What is a Charge Card? And How Does It Differ from a Credit Card?

Wallet with credit cards next to coffee mug

When you walk up to a cashier to make a purchase for your business, you’ll likely pull out a plastic card as your payment method of choice. The same goes for online purchases. And when it comes to business expenses in particular, tracking purchases on a card is much easier than keeping tabs on petty cash. 

But does it make a difference which type of card you use to pay? Many everyday consumers use the terms “charge card” and “credit card”  interchangeably and see no difference among the pieces of plastic in their wallets. However, there are some key differences between the two types of cards, and business owners should familiarize themselves with the pros and cons of each. 

So, What Exactly is a Charge Card? 

While we may use the words charge card and credit card interchangeably, we are much more familiar with the concept of the credit card these days. So…what’s a charge card? 

Charge cards originated in department stores in the 1920s as a way for customers to make one monthly payment for all their purchases that month. They grew in popularity in the 1940s in the restaurant industry, as one cardboard card became widely accepted in New York City restaurants. 

The original intent of the charge card was to allow customers to pay one bill every month instead of several, but they were still on the hook for paying that bill in full—a key difference from the credit cards we know today.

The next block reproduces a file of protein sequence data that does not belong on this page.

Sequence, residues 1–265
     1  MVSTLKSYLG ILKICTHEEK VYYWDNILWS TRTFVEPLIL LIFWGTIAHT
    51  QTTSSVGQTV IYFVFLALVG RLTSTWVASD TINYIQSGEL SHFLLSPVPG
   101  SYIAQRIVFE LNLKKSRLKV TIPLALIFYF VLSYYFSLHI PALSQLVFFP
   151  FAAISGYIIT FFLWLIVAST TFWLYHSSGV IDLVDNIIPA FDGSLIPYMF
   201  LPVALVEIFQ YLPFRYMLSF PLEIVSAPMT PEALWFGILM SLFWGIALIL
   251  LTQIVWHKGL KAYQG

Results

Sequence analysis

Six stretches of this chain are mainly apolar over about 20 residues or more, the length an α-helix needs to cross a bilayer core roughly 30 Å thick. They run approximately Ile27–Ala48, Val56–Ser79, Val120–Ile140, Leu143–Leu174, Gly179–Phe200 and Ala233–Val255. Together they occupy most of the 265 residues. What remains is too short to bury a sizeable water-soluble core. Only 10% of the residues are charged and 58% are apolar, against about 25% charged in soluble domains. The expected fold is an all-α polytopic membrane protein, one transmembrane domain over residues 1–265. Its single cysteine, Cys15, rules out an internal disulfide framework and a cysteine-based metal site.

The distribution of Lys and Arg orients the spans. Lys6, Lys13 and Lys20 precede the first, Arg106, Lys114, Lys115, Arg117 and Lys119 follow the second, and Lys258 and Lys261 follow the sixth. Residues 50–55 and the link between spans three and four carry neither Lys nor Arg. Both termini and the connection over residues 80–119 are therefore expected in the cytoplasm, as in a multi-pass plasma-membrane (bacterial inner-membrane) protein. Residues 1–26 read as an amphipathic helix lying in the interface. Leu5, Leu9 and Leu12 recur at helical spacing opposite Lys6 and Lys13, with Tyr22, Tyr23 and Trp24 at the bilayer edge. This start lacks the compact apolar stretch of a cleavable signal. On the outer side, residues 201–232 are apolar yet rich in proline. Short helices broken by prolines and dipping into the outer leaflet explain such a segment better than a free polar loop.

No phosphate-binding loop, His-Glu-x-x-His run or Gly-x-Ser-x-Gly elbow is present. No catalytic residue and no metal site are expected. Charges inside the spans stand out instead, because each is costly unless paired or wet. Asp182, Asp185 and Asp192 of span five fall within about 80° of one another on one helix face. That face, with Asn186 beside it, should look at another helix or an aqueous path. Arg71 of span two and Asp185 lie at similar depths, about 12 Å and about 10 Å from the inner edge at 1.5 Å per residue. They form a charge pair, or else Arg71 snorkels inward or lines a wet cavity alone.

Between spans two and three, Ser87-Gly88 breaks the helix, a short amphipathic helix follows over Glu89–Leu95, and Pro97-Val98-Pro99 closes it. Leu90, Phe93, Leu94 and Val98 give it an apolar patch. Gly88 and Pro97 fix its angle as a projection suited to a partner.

Put your accounting on autopilot.

Scalefactor dashboard screenshot

Charge Card vs. Credit Card: What’s the Difference? 

So what else is different about the credit card? There are quite a few differences between the two options, from the way spending limits are set to the rewards and perks offered.  

Monthly Payments

The biggest difference between charge cards and credit cards centers around when payments are due—and how much is due at once. Credit cards, as most of us know, allow users to carry a balance over several months if they need it. When the purchaser gets a bill, they can choose to make the minimum payment, to pay off the charges in full, or make a payment somewhere in the middle. 

Charge cards don’t offer the same level of choice. Rather, they require that business owners pay off the balance in full every month. Users who usually pay off their bills in full won’t notice much of a difference when it comes time to make a payment.

Spending Limits 

If charge cards don’t offer flexible payment dates, you might wonder what some of the benefits are. One possible advantage comes in the form of variable spending limits. 

Credit cards typically come with one spending limit that you can’t exceed. You might adjust that limit over time, but it’s relatively fixed month after month. If your spending limit in January is $10,000, you can expect your February spending limit to also be $10,000. 

Charge cards don’t allow for unlimited spending, but their limits are much more fluid and can vary from month to month based on things like your past payment history. ScaleFactor Card users, for example, can always see their current spending limit right in the app. 

Rewards & Perks 

If you’ve watched any television commercials lately, you know that credit card issuers love to highlight their cards’ perks. Double miles with no blackout dates! Triple points on groceries! Quadruple points on gas! 

Traditionally speaking, credit cards tend to offer fewer rewards, though they are available on the market.